One thing I’ve gotten interested in lately is Instant Runoff Voting (IRV), which is an alternative vote tabulation system to our “first-past-the-post” system here in the US. It’s also known as the Alternative Vote (AV), and in multi-winner elections, the Single Transferrable Vote (STV). I’ll probably blog a bit on-and-off about this topic, but for starters, there’s a lot of activism/partisanship when it comes to promoting different voting systems. Unfortunately, almost all voting systems under consideration fall victim to Arrow’s theorem, which says, basically, that you can’t have a method of aggregating people’s preferences that satisfies a bunch of desirable criteria (under some assumptions on how preferences are given).
IRV or STV is used to elect Representatives in Australia, and the Australian Electoral Commission has a nice video explaining the process. It also mentions the election monitors, which are called scrutineers. That always cracks me up. But I digress. AV has come up more recently in the UK, where people are thinking of using it for Parliamentary elections. The pro-AV side has its videos as well, which seem designed to appear to the beer-lovers out there. However, the polling on its popularity seems to indicate that the switch to AV will not happen. There’s opposition to AV from different sources, and even some small parties don’t think it will make a difference.
I’ve gotten interested in IRV because it’s used in California for some local elections. The recent mayoral election in Oakland was run via IRV, which requires a bit of voter re-education. The outcome of the election was quite interesting, wherein Don Perata, who won the largest share of first-choices, ended up losing because Rebecca Kaplan was eliminated and the second- and third-choices went to Jean Quan. This is exactly the kind of thing proponents of IRV want.
What is less clear is how the mathematics of counting IRV works, and how sensitive the counting process is to errors. A lot of people have written about the former, but there has been less work about the latter, and that’s something I’ve started working on, because auditing the outcome of elections is an important step in ensuring voter confidence in the results.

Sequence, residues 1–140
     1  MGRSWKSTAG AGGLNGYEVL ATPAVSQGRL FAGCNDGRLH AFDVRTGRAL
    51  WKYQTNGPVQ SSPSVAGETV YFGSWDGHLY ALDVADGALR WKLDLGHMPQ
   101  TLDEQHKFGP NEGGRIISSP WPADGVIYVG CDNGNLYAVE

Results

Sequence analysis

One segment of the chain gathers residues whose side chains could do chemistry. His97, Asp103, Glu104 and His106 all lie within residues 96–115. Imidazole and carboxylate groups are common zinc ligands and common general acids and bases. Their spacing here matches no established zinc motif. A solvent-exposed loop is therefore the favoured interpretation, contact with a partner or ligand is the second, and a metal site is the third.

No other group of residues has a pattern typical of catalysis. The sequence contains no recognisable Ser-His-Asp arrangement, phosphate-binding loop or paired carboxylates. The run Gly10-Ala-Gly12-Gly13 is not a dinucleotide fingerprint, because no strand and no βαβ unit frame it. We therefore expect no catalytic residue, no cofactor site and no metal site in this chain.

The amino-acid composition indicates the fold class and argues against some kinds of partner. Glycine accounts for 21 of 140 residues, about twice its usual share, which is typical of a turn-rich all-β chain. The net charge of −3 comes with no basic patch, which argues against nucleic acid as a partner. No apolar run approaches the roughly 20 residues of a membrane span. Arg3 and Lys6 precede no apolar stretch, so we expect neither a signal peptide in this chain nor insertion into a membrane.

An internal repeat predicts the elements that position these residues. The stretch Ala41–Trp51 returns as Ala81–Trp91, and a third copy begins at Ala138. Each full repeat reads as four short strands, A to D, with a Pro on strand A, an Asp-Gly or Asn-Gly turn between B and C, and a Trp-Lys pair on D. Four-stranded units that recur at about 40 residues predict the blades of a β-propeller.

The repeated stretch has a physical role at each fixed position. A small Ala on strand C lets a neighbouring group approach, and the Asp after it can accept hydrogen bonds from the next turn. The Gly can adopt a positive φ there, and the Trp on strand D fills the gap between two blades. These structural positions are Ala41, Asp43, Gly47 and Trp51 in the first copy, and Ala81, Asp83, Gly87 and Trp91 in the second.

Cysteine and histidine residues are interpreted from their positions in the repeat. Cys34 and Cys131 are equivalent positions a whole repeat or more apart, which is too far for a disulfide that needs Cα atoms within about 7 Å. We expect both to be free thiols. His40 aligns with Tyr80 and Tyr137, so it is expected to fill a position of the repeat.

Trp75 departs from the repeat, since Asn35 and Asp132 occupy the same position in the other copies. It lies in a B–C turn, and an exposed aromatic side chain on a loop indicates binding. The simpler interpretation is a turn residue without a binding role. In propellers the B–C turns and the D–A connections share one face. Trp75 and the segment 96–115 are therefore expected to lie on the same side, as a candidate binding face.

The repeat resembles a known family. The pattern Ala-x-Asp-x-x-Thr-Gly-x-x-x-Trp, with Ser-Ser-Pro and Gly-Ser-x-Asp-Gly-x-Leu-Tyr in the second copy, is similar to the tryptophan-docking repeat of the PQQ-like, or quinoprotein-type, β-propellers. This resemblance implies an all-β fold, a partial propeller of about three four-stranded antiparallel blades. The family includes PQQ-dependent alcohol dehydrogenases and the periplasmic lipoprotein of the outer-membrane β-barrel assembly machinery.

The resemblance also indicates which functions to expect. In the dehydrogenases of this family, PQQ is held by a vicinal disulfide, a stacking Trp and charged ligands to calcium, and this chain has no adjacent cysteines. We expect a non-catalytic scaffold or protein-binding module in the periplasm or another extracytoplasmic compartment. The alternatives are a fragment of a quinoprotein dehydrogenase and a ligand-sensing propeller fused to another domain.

UPDATE: As Oxeador points out below, Arrow’s Theorem is actually a statement about producing a total order of all the candidates that satisfies a given set of criteria, not about single-winner elections. In particular, if you treat the IRV ordering as the order in which the candidates are eliminated, then IRV would fall under Arrow’s Theorem.
Felix Gilman, The Half-Made World – A rather stunning and harrowing fantasy/western (don’t think Jonah Hex). I didn’t like it quite as much as Cosma did, but I couldn’t put it down, so that is something.
Jane Margolis, Stuck in the Shallow End : Education, Race, and Computing – really insightful look at the race-based gap in access and enrollment in computer science classes in 3 very different LA high schools. Margolis and her discuss how the actions of teachers, counselors, and administrators create barriers and disincentives that lower black and Latino enrollment in computer sciences when they are available, and that gut computer science classes for everyone in favor of computer skills classes.
John Crowley, Love & Sleep – second book in the Aegypt cycle. I found it more self-indulgent and flatter than the first one, but maybe it’s because the characters are not new to me. The writing is, as always, beautiful, but I was less excited than I was by The Solitudes.
Ian Hacking, The Emergence of Probability – a slim book about early ideas about probability and ending at Bernoulli and Hume’s problem of induction. Hacking traces how “probable” went from meaning “approved of by experts” (as in “probable cause”) to a more aleatoric interpretation, and at the same time how problems such as computing annuities brought forth new foundational questions for philosophers and mathematicians. A key figure in this development was Leibnitz, who worked on developing inductive theories of logic. The last few pages sum it up well — the early development was spurred by changes in how people thought of opinion and on what it should be based. “Probability-and-induction” required a different change in perspective; causation had to be thought of as a problem of opinion rather than of knowledge. I found the book fascinating and pretty easy to read; nice short chapters highlighting one point after the other. Hat tip to Marisa Brandt for the recommendation.